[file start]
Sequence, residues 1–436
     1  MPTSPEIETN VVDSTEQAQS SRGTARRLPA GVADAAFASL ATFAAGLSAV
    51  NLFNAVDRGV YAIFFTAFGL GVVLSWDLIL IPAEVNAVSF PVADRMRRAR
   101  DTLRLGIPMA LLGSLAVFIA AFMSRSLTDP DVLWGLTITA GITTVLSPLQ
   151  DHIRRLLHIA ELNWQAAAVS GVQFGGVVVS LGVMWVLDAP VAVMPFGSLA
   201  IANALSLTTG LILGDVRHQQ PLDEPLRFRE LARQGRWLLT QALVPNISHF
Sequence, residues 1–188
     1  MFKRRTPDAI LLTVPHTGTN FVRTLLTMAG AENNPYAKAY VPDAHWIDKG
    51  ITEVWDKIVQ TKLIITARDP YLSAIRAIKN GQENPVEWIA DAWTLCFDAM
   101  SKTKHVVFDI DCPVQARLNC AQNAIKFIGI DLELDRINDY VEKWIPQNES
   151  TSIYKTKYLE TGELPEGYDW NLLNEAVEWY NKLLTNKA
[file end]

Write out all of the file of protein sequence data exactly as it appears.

Sequence, residues 1–436
     1  MPTSPEIETN VVDSTEQAQS SRGTARRLPA GVADAAFASL ATFAAGLSAV
    51  NLFNAVDRGV YAIFFTAFGL GVVLSWDLIL IPAEVNAVSF PVADRMRRAR
   101  DTLRLGIPMA LLGSLAVFIA AFMSRSLTDP DVLWGLTITA GITTVLSPLQ
   151  DHIRRLLHIA ELNWQAAAVS GVQFGGVVVS LGVMWVLDAP VAVMPFGSLA
   201  IANALSLTTG LILGDVRHQQ PLDEPLRFRE LARQGRWLLT QALVPNISHF
Sequence, residues 1–188
     1  MFKRRTPDAI LLTVPHTGTN FVRTLLTMAG AENNPYAKAY VPDAHWIDKG
    51  ITEVWDKIVQ TKLIITARDP YLSAIRAIKN GQENPVEWIA DAWTLCFDAM
   101  SKTKHVVFDI DCPVQARLNC AQNAIKFIGI DLELDRINDY VEKWIPQNES
   151  TSIYKTKYLE TGELPEGYDW NLLNEAVEWY NKLLTNKA